WS880: Diversifying Your Real Estate Portfolio Through Agriculture with Chris Rawley

Our show today focuses on a type of real estate which we haven’t discussed here before; agriculture. Agriculture is a very different asset class to invest in compared to other types of real estate, and it can be very challenging. However, there are numerous benefits to it, including the fact that it is a great diversification tool. That is why our guest, Chris Rawley, is so passionate and excited about the farming space and why he and his partner pioneered a crowdfunding platform, Harvest Returns, to make it easier for the rest of us to invest in agriculture.

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Before choosing the kind of agriculture you want to invest in, Chris highlights the importance of understanding the revenue sources of the farm and the time period within which you can expect to receive returns. Chris’s focus is on vertical hydroponics and he explains some of the reasons why. We also discuss why Chris’s investments were not negatively impacted by the COVID-19 pandemic, developments that Chris is seeing in the sector at the moment, and the importance of continuous learning. Tune in today to gain some valuable information on an asset that can do wonders for your portfolio! 

Key Points From This Episode:

  • The types of investments that Chris has been involved with in the past.
  • Chris’s belief in diversification led him to invest in a farm.
  • Why investing in a farm is more difficult than investing in residential properties. 
  • Factors that led Chris and his partner, Austin, to develop a crowdfunding platform. 
  • The reasons Chris invests in indoor, vertical farming, rather than typical agriculture. 
  • Characteristics an ideal sponsor for an indoor agriculture project will have.
  • Why the crowdfunding platform makes investing easier than if you were to syndicate each farm individually. 
  • Find out who is the largest farmland owner in America.
  • When you are putting your initial processes together, make sure that they can be scaled.
  • The percentage of their portfolios that the investors Chris deals with are putting into farmland.  
  • Chris highlights the importance of understanding the revenue sources before investing in a farm. 
  • Differences in the time period for returns between different types of agriculture investments. 
  • Why Chris’s investments in specialty crops weren’t negatively impacted by the pandemic.
  • Developments that Chis is seeing in the agriculture space. 
  • The importance of keeping up to date with what’s happening around you, and the ways Chris does this.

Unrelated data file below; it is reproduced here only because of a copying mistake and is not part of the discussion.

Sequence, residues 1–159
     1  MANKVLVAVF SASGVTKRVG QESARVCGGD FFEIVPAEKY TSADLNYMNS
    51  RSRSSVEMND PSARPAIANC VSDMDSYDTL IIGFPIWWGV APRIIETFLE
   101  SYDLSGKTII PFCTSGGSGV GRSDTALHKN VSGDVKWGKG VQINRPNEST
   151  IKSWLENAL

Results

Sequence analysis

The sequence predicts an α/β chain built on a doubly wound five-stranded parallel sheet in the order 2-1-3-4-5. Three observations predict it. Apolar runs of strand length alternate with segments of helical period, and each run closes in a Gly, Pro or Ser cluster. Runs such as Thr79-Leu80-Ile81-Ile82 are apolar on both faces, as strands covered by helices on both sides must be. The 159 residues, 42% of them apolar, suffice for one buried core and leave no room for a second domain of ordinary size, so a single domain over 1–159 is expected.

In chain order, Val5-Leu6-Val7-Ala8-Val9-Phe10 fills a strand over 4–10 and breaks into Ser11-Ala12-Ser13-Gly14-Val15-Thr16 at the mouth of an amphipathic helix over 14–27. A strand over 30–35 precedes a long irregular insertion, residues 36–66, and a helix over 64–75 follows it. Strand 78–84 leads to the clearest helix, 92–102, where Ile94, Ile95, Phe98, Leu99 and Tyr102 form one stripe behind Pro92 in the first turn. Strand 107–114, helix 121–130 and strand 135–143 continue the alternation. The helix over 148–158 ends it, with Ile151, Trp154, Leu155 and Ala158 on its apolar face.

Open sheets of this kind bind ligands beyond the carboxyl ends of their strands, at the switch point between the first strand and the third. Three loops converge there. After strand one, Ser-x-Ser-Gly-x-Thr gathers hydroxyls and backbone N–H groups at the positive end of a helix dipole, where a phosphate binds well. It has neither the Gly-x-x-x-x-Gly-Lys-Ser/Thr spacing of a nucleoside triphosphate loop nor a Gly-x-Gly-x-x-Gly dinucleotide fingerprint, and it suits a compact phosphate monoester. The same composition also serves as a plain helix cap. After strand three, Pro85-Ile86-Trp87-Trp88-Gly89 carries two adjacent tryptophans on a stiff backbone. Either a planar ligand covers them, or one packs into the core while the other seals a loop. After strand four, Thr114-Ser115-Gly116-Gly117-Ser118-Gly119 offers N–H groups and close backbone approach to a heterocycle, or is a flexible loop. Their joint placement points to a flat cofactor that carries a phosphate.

[bctt tweet=”If you’ve seen one single-family home, fix and flip, or seen one passive multifamily investment, you’ve seen them all. Well, with farming, you’ve seen one farm, you’ve seen one farm. It’s a much different asset class. —@HarvestReturns” username=”whitney_sewell”]

Links Mentioned in Today’s Episode:

Harvest Returns

Harvest Returns on Facebook

Harvest Returns on Instagram

Harvest Returns on Twitter

Austin Maness

Prime Trust


App Harvest

About Chris Rawley

While serving as a career naval officer, Chris Rawley visited dozens of war-torn and poverty-stricken countries and began to appreciate the importance of agriculture to every single person on earth. As a professional investor with this newfound appreciation, he decided to invest in a farm but quickly discovered that these types of assets were inaccessible to the average person. The problem drove him to create Harvest Returns in 2016 to democratize investments in agriculture. Rawley has held corporate management roles in Jones Lang LaSalle, Electronic Data Systems, L-3 Communications, and served as a defense consultant at Special Operations Command with Blackbird Technologies. He has invested in real estate and income-producing agriculture for nearly two decades. Rawley is an angel investor in early-stage agriculture and food companies, including the Indian agriculture FinTech company Jai Kisan. He serves on the advisory board of the AgTech start-up AgroFides. As a Captain in the United States Navy Reserve, Rawley is Chief of Staff for the Naval Reserve Surface Forces, helping to oversee 3,800 sailors supporting fleet units around the world. During his 28-year military career, Rawley has filled a variety of leadership positions in naval, expeditionary, and joint special operations units afloat and ashore. He has deployed to Afghanistan, Iraq, Africa, the Middle East, and Western Pacific. Rawley has a degree from Texas A&M University, earned an MBA at George Washington University, and is a graduate of the U.S. Naval War College.

Full Transcript